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How Donald Trump and Congress could alter legal protections for LGBTQ people

The next four years are looking pretty rough.


Mehak Anwar


As Donald Trump’s administration takes shape, the implications for LGBTQ Americans are vast—and potentially disturbing. From Secretary of Education Betsy DeVos to Attorney General Jeff Sessions, most of Trump’s picks for his cabinet have explicit ties to anti-LGBTQ organizations or have voted against LGBTQ protections during their time in government. 

Trump’s administration could enact many harmful changes for LGBTQ people over the next four years through all three branches of the government. But his power isn’t limitless, either: There are restrictions in place that could make sweeping changes difficult or impossible. Here’s what kind of power and influence his administration will have in undoing protections for the LGBTQ community.

On the judicial level

It’s possible to overturn the Supreme Court’s ruling on same-sex marriage at a judicial level, but it’s highly unlikely: It would take either a constitutional amendment by three-quarters of state legislatures or a new case that would cause the Supreme Court to reconsider and overturn its previous decision. Overturning marriage equality does not seem to explicitly be on Trump’s agenda, though he has expressed a desire to fill SCOTUS’s current vacancy with someone who might overrule the decision on same-sex marriage and designate it to states.

On the legislative level

With 52 Republicans and 48 Democrats in the Senate and 241 Republicans and 194 Democrats in the House, the legislative branch went to Republicans during the 2016 election. The implications of this are simple: Republicans control the laws, as they can not only write new regulations but have the majority to pass them.  

Even if marriage equality is upheld by SCOTUS, there are no federal laws protecting LGBTQ people from issues with adoption, employment discrimination, bullying in school, healthcare exclusions, hate crimes, identity documents, conversion therapy, HIV criminalization, or “religious exclusion,” and neither Trump’s administration nor the conservative platform historically supports such protections. 

During the Obama administration, many of these protections had the potential to be recognized on a federal level. But with people like Texas senator and former presidential candidate Ted Cruz reinvigorated by a Republican majority, these protections won’t likely come to fruition. In fact, Cruz is spearheading legislation that would allow religious organizations to discriminate against LGBTQ people. 

On the executive level

If the legislative branch is in charge of making laws and the judicial branch is in charge of interpreting laws, the executive branch is in charge of carrying out laws, which means people like Donald Trump, Vice president-elect Mike Pence, and their cabinet picks have the power to enforce the kind of legislation they’ve not only been backing throughout their campaign but also the “religious protections” that appeal to their conservative base. 

The executive branch now includes people who voted against same-sex marriage, support conversion therapy, make transphobic comments, favor harmful bathroom legislation, and liken gay people to animals. Pence, for example, wants to eliminate Obama’s guidance for public schools allowing trans students to use the bathrooms that correspond with their gender identity. Trump’s housing secretary pick, Ben Carson, has said he would “certainly get involved” to reverse the Supreme Court’s marriage equality ruling, and DeVos has donated hundreds of thousands of dollars to pro-conversion therapy causes and anti-gay marriage organizations.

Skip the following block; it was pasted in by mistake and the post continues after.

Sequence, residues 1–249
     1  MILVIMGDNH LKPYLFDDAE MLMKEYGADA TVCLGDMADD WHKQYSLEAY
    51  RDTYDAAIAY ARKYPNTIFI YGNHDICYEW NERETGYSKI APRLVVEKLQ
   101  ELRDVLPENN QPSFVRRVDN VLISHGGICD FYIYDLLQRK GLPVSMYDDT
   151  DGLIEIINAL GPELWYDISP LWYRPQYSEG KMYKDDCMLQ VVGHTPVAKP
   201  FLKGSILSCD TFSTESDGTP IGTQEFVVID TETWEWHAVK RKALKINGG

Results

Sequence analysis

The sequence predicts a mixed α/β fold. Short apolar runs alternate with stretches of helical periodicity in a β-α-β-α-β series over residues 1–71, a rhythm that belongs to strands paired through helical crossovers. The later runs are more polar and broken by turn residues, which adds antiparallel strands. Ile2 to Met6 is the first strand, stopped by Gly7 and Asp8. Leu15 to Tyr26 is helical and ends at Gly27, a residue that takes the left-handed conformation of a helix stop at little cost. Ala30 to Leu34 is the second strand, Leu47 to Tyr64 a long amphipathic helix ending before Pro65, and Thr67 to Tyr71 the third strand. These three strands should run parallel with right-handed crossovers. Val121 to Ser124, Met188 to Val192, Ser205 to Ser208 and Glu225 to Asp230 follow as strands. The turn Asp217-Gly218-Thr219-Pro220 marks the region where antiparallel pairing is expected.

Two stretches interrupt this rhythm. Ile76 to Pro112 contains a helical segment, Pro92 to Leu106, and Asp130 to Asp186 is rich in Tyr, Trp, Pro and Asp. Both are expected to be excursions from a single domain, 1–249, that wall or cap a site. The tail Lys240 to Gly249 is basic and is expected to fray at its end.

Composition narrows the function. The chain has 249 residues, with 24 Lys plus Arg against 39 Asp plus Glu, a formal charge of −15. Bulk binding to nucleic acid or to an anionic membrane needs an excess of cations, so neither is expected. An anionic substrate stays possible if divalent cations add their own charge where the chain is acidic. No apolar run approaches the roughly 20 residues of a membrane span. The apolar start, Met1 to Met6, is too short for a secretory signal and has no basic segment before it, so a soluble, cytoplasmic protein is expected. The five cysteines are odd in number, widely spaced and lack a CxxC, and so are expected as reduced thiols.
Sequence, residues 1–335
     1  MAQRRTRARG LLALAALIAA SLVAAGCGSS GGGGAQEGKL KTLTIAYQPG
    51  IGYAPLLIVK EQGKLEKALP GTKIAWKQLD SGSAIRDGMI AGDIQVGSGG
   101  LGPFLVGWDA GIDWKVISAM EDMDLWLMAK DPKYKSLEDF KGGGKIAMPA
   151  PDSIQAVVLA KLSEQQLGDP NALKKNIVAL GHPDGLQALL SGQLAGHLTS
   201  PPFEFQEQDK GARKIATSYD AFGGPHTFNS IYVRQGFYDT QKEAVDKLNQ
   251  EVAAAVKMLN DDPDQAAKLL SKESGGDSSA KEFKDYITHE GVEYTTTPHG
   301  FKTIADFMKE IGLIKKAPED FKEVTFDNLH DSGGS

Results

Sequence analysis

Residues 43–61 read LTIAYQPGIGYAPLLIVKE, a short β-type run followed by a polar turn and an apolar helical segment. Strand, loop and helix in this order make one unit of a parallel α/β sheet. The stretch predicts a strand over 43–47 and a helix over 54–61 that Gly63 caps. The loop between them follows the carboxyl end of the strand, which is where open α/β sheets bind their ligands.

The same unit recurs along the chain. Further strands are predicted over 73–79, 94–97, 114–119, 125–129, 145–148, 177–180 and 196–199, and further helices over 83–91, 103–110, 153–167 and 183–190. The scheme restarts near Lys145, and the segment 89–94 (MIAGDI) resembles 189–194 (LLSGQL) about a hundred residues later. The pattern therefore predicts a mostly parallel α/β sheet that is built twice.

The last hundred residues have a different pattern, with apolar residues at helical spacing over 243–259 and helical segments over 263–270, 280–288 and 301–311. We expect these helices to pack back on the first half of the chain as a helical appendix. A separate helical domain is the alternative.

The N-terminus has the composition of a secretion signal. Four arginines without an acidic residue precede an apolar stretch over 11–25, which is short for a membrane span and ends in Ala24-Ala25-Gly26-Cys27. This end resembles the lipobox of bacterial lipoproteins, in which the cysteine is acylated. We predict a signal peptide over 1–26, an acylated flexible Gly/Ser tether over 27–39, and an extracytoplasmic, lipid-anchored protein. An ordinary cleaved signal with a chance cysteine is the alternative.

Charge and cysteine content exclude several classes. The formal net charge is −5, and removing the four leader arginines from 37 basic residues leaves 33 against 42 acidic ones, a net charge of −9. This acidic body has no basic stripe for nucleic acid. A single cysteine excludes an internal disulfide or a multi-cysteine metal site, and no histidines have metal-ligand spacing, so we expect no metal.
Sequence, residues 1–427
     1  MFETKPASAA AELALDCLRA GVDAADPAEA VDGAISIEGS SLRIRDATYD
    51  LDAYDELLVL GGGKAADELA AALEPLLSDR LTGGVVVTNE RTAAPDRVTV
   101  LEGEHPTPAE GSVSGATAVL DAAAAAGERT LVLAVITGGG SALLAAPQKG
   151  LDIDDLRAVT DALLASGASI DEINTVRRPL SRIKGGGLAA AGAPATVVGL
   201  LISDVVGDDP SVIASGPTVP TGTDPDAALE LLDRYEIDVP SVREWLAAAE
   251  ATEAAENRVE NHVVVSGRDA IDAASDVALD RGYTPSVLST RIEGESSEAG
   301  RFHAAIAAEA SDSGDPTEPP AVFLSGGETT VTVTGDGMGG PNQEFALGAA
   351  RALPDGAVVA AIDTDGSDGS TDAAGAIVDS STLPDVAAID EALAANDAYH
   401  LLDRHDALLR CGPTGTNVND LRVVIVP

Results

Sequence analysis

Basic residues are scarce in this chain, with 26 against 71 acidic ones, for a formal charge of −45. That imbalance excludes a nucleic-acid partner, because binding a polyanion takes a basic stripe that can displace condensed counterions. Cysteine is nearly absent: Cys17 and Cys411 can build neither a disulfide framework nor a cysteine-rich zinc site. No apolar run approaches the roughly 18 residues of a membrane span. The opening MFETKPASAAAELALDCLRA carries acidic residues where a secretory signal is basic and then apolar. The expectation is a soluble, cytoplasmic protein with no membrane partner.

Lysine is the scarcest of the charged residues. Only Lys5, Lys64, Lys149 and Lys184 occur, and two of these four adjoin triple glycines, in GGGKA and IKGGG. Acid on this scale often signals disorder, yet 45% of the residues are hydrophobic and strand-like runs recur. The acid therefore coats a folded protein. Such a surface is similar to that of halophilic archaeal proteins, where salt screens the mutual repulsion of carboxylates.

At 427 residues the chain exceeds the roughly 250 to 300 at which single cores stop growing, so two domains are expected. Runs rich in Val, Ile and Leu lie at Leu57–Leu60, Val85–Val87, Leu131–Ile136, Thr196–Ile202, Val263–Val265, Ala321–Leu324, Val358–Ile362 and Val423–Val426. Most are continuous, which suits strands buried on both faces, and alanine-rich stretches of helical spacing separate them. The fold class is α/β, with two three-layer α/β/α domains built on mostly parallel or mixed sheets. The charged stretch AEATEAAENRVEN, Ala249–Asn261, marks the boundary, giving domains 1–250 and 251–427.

Donald Trump can also carry out something called an executive order, or a directive, to federal or state agencies without input from Congress or the courts. Executive orders can be overruled by courts or voted down by legislatures after the fact, but remain in effect until then. 

Executive orders must adhere to the Constitution, so there are limitations, but there’s no rule preventing a president from overturning a previous president’s executive orders, which Trump has vowed to do time and time again with Obama’s “bad” orders that “attack” the Second Amendment and let immigrants “pour through” the border. In 2014, Obama also signed an executive order prohibiting federal contractors from discriminating on the basis of gender identity or sexual orientation. There is speculation that Trump will undo this executive order as well. 

On the state level

The future for LGBTQ rights doesn’t look as bright as it would have under a non-Republican administration, but states and local legislatures all over the country are taking actions to ensure their citizens are protected. Pittsburgh recently joined eight other cities in banning conversion therapy, thanks to Mayor Bill Peduto, and governors in Montana, New Hampshire, Pennsylvania, and Virginia have signed executive orders protecting state employees from discrimination based on gender or sexual orientation. 

On the other hand, conservative state legislators and officials are using a Republican-led federal government to push a more right-wing agenda in their states. A proposed Texas bill would require teachers to out LGBTQ students, and a proposed bill in Virginia would restrict transgender bathroom access

A rough four years ahead

The forecast for LGBTQ people under a Trump presidency looks grim, and though harmful legislative proposals won’t always necessarily pass on state and federal levels, advocates should be vigilant and keep an eye on pending legislation in 2017 and beyond. 

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The Daily Dot